The Single UNIX ® Specification, Version 2
Copyright © 1997 The Open Group


getbegyx, getmaxyx, getparyx, getyx - get cursor and window coordinates


#include <curses.h>

void getbegyx(WINDOW *win, int y, int x);

void getmaxyx(WINDOW *win, int y, int x);

void getparyx(WINDOW *win, int y, int x);

void getyx(WINDOW *win, int y, int x);


The getyx() macro stores the cursor position of the specified window in y and x.

The getparyx() macro, if the specified window is a subwindow, stores in y and x the coordinates of the window's origin relative to its parent window. Otherwise, -1 is stored in y and x.

The getbegyx() macro stores the absolute screen coordinates of the specified window's origin in y and x.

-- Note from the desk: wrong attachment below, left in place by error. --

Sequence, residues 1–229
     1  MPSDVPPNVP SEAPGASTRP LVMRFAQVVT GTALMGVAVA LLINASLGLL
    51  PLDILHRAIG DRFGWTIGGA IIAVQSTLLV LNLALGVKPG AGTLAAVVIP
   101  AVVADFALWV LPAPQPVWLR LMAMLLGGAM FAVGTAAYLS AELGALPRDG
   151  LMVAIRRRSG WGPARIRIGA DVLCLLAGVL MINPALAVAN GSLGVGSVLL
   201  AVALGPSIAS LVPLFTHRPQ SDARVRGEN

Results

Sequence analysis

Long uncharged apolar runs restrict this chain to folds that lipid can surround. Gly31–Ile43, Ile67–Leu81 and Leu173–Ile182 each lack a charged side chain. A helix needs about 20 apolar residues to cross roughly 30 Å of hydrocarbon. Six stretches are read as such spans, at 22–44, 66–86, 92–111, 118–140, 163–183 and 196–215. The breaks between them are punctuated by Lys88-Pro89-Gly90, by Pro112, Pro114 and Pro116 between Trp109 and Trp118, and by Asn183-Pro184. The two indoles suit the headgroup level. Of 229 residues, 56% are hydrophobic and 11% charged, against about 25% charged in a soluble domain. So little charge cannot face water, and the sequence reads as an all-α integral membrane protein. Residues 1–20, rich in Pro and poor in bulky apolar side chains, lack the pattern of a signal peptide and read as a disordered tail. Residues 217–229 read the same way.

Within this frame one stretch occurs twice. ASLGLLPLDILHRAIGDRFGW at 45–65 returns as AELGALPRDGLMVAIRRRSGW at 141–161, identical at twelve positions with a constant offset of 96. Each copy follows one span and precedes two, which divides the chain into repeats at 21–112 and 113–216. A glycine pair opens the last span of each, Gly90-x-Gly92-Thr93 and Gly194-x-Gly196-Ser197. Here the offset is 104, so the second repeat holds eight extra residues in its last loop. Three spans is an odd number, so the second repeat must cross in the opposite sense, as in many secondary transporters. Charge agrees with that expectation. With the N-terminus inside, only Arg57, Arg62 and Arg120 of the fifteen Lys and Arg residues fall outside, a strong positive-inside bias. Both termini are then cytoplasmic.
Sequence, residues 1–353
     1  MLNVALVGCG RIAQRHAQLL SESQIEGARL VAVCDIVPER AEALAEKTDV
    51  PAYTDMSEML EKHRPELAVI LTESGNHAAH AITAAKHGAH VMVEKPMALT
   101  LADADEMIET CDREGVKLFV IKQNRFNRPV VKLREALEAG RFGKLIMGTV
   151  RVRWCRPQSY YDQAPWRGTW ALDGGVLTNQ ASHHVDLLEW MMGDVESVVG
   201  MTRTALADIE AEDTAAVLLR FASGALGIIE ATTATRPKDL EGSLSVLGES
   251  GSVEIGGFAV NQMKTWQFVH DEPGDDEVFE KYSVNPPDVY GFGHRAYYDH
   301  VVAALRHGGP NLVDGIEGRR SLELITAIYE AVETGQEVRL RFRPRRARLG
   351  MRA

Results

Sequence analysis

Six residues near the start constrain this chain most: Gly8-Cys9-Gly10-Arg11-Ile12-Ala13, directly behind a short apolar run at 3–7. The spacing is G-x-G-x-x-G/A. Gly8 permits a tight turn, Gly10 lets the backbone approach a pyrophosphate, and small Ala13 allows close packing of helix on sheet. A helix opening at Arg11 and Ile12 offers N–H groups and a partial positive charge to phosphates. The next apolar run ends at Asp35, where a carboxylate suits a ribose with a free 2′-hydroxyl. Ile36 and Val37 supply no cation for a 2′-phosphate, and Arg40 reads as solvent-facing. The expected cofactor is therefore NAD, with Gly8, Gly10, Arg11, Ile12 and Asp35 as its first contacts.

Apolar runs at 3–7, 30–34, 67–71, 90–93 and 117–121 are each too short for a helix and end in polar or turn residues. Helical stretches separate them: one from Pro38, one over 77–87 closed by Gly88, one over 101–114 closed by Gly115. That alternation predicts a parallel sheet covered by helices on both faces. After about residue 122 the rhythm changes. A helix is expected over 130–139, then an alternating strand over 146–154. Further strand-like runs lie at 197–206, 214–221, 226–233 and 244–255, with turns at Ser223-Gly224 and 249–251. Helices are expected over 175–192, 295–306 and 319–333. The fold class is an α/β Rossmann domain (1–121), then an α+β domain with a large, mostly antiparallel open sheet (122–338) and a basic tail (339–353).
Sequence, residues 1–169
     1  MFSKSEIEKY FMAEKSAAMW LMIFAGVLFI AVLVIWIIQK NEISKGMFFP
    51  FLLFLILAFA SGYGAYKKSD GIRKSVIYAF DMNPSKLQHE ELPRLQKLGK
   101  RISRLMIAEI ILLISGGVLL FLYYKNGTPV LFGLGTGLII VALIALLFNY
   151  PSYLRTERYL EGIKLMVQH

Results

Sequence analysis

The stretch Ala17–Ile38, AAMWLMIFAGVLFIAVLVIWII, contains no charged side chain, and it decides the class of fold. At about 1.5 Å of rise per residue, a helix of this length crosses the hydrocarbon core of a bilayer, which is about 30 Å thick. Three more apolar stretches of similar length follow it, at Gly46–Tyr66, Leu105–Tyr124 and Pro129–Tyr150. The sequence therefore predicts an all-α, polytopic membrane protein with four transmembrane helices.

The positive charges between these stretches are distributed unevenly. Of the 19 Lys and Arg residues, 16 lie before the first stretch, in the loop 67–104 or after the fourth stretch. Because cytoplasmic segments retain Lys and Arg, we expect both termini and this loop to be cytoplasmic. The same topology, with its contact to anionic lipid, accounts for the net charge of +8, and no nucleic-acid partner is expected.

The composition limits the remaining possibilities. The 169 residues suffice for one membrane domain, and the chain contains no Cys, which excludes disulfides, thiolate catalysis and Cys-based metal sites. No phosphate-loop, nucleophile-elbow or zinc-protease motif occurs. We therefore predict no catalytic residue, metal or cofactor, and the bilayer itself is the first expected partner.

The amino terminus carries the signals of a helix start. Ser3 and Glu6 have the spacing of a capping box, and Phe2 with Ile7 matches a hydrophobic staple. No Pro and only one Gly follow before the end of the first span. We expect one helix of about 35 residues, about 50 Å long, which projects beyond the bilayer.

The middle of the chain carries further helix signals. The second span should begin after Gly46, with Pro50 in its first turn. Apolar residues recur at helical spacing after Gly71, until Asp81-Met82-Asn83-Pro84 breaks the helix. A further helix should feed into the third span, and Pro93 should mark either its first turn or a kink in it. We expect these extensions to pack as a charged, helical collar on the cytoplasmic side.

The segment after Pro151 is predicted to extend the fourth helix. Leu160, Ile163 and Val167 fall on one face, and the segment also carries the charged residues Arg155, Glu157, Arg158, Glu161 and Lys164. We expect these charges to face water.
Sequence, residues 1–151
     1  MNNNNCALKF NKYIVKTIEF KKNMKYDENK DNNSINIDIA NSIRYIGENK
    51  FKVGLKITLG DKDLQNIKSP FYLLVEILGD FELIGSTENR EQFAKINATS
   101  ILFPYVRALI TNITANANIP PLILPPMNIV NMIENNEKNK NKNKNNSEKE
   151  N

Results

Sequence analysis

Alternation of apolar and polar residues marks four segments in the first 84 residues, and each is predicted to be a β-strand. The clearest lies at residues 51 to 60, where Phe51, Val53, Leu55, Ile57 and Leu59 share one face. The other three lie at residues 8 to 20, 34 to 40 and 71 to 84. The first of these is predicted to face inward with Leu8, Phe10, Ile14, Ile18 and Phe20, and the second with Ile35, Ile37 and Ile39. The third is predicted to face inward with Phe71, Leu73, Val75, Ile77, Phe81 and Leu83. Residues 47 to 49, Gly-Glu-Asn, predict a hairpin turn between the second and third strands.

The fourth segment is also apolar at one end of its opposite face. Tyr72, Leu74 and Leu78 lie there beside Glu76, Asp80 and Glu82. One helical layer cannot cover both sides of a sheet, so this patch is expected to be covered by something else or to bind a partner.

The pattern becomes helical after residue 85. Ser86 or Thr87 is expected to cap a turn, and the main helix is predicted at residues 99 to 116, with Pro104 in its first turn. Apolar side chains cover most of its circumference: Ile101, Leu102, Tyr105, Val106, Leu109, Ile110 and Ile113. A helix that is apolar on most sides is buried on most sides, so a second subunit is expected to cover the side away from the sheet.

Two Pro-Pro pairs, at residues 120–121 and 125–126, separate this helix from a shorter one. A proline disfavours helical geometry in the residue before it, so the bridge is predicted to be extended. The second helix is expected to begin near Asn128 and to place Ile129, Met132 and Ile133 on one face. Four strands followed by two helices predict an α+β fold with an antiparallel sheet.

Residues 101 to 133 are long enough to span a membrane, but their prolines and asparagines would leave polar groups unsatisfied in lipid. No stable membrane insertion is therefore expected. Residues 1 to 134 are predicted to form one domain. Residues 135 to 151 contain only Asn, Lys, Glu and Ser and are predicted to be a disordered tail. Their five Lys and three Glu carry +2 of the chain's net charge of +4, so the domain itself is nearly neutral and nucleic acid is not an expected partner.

The getmaxyx() macro stores the number of rows of the specified window in y and stores the window's number of columns in x.


No return values are defined.


No errors are defined.


These interfaces are macros and `&' cannot be used before the y and x arguments.
Traditional implementations have often defined the following macros:

void getbegx(WINDOW *win, int x);

void getbegy(WINDOW *win, int y);
void getmaxx(WINDOW *win, int x);
void getmaxy(WINDOW *win, int y);
void getparx(WINDOW *win, int x);
void getpary(WINDOW *win, int y);

Although getbegyx(), getmaxyx() and getparyx() provide the required functionality, this does not preclude applications from defining these macros for their own use. For example, to implement

void getbegx(WINDOW *win, int x);

the macro would be

    #define getbegx(_win,_x)     \
    {                            \
        int _y;                  \
        getbegyx(_win,_y,_x);    \



UNIX ® is a registered Trademark of The Open Group.
Copyright © 1997 The Open Group
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